- echo "${CI_REGISTRY_PASSWORD}" | docker login -u ${CI_REGISTRY_USER} --password-stdin ${CI_REGISTRY}
    - docker build -t ${CI_REGISTRY_IMAGE}:${CI_COMMIT_SHA} .
    - docker push ${CI_REGISTRY_IMAGE}:${CI_COMMIT_SHA}

# For tagged commits, automatically build a tagged image.
  <<: *dind_template
  only: [tags]

    - echo "${CI_REGISTRY_PASSWORD}" | docker login -u ${CI_REGISTRY_USER} --password-stdin ${CI_REGISTRY}
    - docker build -t ${CI_REGISTRY_IMAGE}:${CI_COMMIT_TAG} .
    - docker push ${CI_REGISTRY_IMAGE}:${CI_COMMIT_TAG}

The above example is a great improvement over the simple, hash-based tagging strategy. Once you release version, say 1.3.7-alpha, the CI will automatically deploy the tagged image to your registry. This ensures that none of the images are overwritten. The manual option to build hash-based images avoids cluttering the registry. This strategy clearly defines a policy when to tag an image: Always when you tag a git commit.

However, there are also disadvantages to this method. It does not create latest images. You can create a git tag called latest, but this tag is intended to be immutable, i.e., the tag should always point to the same commit. That’s not we want for the latest tag. Tags in the docker world are mutable. If only Git had something like a rolling reference pointer which is updated when you add a new commit. Oh, wait.

Use release branches

Git branches are references that point to the latest commit in a sequence of commits. It is common to use release branches to handle different released versions. Assume we want to have the following docker image tags: latest, 3, 3.7 and3.7.2. For this example, assume that version 3.7.2 is the latest version. This means all of these docker tags should point to the same image.

To achieve the given task, we need to map this structure into Git branches. We can build on top of the previous tag-based solution. Once a Git commit is tagged with a full version identifier such as 3.7.2 or 3.7.2-alpha, we never want to update that tag. So all we need are branches for latest, major version and minor version. I’ll call them release/latest, release/3 and release/3.7, respectively. I have added a prefix to avoid name collisions.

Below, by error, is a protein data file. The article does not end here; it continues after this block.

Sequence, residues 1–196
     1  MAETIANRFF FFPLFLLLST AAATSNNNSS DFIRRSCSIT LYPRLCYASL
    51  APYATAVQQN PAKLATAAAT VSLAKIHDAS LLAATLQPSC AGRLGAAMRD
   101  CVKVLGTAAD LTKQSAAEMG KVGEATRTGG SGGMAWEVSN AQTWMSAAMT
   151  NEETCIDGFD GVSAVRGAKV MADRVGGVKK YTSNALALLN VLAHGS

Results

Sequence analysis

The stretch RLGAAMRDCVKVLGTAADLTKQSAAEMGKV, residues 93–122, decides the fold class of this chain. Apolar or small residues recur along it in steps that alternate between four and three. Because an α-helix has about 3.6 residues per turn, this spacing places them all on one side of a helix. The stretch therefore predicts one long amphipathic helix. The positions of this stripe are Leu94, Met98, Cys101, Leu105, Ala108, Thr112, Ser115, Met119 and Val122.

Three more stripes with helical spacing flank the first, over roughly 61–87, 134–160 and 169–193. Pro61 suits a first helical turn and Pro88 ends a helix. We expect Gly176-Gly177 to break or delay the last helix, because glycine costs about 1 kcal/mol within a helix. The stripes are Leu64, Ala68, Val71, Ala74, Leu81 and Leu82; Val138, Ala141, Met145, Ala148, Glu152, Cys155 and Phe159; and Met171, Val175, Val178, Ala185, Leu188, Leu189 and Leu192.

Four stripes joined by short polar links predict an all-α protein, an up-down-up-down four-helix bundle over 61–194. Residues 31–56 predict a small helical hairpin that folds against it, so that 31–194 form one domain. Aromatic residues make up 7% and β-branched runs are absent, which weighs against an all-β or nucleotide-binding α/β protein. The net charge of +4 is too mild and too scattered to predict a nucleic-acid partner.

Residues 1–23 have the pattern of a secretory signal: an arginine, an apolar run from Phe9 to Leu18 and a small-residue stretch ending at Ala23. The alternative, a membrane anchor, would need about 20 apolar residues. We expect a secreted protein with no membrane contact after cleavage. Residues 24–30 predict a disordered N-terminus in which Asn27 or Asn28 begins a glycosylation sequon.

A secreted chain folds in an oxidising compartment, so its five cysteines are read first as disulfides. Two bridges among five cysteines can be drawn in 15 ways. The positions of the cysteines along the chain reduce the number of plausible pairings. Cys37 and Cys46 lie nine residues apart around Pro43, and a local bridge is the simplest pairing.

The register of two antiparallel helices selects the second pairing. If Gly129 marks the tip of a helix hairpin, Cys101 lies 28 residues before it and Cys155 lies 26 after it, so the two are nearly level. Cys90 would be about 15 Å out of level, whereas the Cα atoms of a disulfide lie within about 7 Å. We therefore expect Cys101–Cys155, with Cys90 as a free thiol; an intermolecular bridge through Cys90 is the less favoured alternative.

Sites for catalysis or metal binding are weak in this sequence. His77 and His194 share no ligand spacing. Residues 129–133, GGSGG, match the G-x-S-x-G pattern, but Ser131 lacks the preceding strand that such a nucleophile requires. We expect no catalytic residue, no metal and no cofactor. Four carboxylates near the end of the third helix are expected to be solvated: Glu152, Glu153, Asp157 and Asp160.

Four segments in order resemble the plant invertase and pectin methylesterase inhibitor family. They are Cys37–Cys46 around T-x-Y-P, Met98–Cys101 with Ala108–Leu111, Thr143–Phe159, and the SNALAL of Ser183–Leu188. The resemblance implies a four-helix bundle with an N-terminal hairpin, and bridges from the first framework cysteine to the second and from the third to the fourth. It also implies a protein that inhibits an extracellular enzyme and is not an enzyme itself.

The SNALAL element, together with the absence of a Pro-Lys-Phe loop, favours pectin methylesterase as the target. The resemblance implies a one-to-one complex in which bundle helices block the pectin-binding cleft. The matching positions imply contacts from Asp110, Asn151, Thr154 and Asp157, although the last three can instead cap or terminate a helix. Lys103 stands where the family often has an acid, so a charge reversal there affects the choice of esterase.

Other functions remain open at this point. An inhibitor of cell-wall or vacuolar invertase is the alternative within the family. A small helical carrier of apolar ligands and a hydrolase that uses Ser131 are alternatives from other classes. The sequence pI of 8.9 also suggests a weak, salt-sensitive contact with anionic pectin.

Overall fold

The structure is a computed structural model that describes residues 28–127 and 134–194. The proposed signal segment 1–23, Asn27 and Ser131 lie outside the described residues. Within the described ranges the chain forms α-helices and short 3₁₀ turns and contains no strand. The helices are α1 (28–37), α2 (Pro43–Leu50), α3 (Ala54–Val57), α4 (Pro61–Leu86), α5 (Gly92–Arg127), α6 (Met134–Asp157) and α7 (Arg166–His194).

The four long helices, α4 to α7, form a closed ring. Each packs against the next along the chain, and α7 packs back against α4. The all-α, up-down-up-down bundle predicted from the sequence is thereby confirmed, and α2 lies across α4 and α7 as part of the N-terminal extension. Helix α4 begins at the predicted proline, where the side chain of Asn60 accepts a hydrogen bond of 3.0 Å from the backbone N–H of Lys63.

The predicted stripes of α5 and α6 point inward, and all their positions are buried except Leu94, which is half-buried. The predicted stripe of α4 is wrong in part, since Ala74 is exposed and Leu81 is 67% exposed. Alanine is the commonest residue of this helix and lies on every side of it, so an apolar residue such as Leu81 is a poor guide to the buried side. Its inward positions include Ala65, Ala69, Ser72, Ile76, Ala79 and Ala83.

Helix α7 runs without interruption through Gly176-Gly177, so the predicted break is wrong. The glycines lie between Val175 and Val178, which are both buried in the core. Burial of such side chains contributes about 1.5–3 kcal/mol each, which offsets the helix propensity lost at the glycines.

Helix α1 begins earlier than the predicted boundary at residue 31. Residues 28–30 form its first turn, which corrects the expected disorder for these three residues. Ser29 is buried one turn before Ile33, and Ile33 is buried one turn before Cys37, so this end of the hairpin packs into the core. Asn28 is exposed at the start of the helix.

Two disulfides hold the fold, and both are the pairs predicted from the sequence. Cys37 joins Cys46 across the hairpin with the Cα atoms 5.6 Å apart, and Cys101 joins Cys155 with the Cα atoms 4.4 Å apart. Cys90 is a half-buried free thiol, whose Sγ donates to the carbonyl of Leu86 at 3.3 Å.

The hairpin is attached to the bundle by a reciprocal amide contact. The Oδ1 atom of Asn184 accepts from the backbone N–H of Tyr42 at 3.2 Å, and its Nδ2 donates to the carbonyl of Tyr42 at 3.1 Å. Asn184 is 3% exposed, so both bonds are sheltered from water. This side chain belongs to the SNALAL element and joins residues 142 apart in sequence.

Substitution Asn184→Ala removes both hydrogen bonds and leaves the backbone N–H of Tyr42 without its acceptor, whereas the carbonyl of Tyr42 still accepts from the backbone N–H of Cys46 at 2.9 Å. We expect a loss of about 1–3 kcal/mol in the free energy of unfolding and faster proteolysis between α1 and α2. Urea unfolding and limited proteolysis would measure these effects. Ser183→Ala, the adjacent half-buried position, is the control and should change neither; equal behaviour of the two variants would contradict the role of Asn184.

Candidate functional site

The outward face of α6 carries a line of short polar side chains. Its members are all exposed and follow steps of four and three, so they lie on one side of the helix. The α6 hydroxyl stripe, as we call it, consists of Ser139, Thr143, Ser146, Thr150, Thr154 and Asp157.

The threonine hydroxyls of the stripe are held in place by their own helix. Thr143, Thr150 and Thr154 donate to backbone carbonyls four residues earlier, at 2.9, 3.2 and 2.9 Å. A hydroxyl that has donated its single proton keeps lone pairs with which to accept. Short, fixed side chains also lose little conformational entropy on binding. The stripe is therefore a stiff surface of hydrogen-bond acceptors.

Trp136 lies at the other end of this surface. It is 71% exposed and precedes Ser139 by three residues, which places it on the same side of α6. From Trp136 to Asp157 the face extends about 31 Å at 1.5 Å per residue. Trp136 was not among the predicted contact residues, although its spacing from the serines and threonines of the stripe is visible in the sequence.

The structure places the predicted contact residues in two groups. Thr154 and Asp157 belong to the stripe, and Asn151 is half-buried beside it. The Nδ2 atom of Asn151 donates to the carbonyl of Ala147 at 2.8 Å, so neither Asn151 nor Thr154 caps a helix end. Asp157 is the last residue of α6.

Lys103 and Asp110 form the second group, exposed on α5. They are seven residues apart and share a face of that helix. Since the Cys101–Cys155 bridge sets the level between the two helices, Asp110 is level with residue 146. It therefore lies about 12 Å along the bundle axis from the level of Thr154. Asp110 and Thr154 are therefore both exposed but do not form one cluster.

Images with a full version identifiers (e.g. 3.7.2) are build via the tag-based solution; all other images are build from release branches.

  - build
  - deploy

# ... continuation of above snipped

# For commits on the release branches, automatically tag the image with the
# release name
  <<: *dind_template
  stage: deploy
    - /^release\/.*$/

    url: https://url/to/your/registry

    # Pull image with full version identifier
    - export UNIQUE_TAG=$(git describe)
    - echo "${CI_REGISTRY_PASSWORD}" | docker login -u ${CI_REGISTRY_USER} --password-stdin ${CI_REGISTRY}
    - docker pull ${CI_REGISTRY_IMAGE}:${UNIQUE_TAG}
    - docker push ${CI_REGISTRY_IMAGE}:${CI_COMMIT_REF_NAME#release/}


I have prepared an example repository which implements the solution illustrated above. The images are simple “Hello World”-applications.